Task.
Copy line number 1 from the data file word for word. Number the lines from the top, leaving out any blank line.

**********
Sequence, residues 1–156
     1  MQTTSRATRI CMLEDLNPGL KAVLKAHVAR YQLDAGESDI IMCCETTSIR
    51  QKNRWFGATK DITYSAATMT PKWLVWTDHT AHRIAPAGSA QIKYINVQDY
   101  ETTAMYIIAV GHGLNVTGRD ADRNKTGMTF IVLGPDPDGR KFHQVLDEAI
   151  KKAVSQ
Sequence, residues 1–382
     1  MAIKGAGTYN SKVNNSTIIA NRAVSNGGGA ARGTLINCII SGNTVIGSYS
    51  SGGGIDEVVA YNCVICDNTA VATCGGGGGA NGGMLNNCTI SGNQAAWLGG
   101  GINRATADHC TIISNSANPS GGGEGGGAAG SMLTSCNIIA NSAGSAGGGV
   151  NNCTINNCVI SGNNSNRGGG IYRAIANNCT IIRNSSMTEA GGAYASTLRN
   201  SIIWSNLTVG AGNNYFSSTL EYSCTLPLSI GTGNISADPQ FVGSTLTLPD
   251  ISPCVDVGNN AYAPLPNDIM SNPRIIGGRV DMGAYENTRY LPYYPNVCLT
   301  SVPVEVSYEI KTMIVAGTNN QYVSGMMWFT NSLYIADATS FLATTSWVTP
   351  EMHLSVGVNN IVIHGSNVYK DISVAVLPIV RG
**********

Sequence, residues 1–156